There are many different foot types that exist. Those that seem to have a higher arch are said to have a cavus foot type. Another term you may hear this condition called is Pes Cavus. It is important to remember that some people with a high arched foot have no problems at all.
Symptoms of a cavus foot type are higher arch than normal while standing. Sometimes the heel is seen to be angled inward as well as the toes appearing to be drawn inward. People with a cavus foot type also sometimes develop clawtoes as the toes will be curled up like claws. Frequent ankle sprains may also occur as the foot has a tendancy to roll over on the outside of the ankle with a higher arch. Conditions such as plantarflexed metatarsals, Haglund’s deformity, and equinus may co-exist. A person with a cavus foot type typically is unable to stand as long as a normal foot structure as it does not have a good shock absorption mechanism. Some problems may be unnoticed until the person takes up heavier levels of activity, like running. In other extreme cases the deformity may not be well suited to the shoes your wearing and cause an ulcer. This is a strong reason to consult a podiatrist.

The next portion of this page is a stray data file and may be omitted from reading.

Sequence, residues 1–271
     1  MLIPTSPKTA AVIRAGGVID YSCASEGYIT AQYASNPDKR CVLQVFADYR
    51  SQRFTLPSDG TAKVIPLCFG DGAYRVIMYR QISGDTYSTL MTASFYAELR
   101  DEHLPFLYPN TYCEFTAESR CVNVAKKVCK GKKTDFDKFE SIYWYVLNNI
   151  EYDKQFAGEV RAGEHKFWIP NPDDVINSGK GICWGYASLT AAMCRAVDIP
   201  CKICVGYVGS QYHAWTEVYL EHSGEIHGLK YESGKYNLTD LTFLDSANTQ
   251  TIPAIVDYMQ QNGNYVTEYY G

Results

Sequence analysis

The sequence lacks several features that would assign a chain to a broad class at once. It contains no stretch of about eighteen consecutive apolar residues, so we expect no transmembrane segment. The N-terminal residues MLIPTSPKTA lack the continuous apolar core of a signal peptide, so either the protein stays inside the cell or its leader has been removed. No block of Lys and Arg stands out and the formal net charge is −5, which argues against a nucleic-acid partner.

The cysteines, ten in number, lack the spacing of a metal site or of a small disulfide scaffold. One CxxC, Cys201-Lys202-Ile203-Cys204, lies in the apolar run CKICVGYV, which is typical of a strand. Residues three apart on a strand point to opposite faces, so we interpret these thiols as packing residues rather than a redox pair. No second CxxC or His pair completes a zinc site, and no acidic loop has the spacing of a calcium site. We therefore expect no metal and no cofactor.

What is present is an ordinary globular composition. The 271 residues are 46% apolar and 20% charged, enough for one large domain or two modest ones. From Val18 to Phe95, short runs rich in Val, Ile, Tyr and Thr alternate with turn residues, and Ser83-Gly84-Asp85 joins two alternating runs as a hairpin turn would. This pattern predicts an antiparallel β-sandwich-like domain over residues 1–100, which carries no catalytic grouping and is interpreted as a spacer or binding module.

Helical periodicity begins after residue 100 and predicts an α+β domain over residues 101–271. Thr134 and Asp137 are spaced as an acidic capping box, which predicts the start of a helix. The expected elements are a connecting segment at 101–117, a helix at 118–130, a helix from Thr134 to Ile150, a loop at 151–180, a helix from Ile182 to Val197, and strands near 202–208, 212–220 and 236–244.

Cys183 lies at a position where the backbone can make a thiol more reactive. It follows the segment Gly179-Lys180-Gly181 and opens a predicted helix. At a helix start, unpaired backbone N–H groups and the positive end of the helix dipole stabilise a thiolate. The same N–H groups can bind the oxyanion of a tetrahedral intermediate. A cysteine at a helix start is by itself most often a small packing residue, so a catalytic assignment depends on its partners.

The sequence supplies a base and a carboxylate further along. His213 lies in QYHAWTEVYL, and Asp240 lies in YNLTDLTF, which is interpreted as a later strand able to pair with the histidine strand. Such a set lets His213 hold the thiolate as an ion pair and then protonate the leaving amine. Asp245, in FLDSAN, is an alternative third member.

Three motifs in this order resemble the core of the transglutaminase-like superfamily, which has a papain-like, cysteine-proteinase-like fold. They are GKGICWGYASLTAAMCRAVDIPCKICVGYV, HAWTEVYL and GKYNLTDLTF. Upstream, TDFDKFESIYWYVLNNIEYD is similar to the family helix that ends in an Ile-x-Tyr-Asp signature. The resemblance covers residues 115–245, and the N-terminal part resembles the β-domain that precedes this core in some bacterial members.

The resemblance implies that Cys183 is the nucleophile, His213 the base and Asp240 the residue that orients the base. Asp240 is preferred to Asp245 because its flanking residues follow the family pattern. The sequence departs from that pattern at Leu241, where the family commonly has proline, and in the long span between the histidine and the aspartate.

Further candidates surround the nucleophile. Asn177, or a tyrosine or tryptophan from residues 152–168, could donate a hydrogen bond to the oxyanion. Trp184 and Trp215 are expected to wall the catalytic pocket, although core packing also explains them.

Causes of a cavus foot type probably have some heredity origins making you more prone to have this type of foot. Ask your parents and siblings and see what kind of foot structure they have as well. There are multiple reasons this foot structure may cause symptoms to exist, most dealing with an imbalance of foot and leg muscles. Some neuromuscular diseases, such as Spina Bifida or muscular dystrophy can make one prone to a cavus foot type as the muscle become weaker. Having a weak calf muscle or a tight calf muscle can cause a cavus foot depending on the biomechanics involved.
Prevention The best prevention may be to get advice from your podiatrist. Treatment for a cavus foot type is always easier when signs and symptoms are first noticed as the foot is more flexible. Over time the foot structure will become more rigid as the foot and muscles adapt to its position. If you do have a noticibly high arched foot with standing then a stretching exercise routine maybe advisable to keep the muscle tone strong preventing further problems.
Podiatric Care is usually very conservative at first with a modification in shoes or making orthotics. X-rays are commonly taken to evaluate the internal bone structure of your foot. If other neuromuscular causes are suspected of causing the foot deformity your podiatrist may refer you to a specialist to test the nerves or muscles.
Surgery may be needed. If the patient is a child sometimes the condition can be treated by releasing the tight structures causing the muscle imbalance. In other cases the tendons may need transferred or surgical reconstruction of the joints and bones needed. If the foot has become rigid there may be procedures called calcaneal or metatarsal osteotomies performed to help re-align the foot. These types of procedures are aimed at providing functional control and pain relief, not for cosmetic appearance.
Post-operative Care and Risks are varied as much as the different procedures that may be performed on the cavus foot.